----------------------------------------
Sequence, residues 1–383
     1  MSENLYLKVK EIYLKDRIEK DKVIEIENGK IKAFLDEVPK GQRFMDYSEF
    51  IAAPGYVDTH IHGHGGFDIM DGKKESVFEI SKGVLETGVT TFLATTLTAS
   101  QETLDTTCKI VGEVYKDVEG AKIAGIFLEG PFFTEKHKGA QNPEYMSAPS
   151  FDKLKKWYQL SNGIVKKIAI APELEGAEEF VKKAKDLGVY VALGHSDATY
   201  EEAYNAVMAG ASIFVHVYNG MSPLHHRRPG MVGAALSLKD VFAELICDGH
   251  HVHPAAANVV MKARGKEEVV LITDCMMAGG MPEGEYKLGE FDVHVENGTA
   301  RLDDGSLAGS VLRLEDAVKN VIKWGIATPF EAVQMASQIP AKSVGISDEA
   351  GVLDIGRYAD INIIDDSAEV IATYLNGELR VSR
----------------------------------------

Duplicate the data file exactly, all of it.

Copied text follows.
Sequence, residues 1–383
     1  MSENLYLKVK EIYLKDRIEK DKVIEIENGK IKAFLDEVPK GQRFMDYSEF
    51  IAAPGYVDTH IHGHGGFDIM DGKKESVFEI SKGVLETGVT TFLATTLTAS
   101  QETLDTTCKI VGEVYKDVEG AKIAGIFLEG PFFTEKHKGA QNPEYMSAPS
   151  FDKLKKWYQL SNGIVKKIAI APELEGAEEF VKKAKDLGVY VALGHSDATY
   201  EEAYNAVMAG ASIFVHVYNG MSPLHHRRPG MVGAALSLKD VFAELICDGH
   251  HVHPAAANVV MKARGKEEVV LITDCMMAGG MPEGEYKLGE FDVHVENGTA
   301  RLDDGSLAGS VLRLEDAVKN VIKWGIATPF EAVQMASQIP AKSVGISDEA
   351  GVLDIGRYAD INIIDDSAEV IATYLNGELR VSR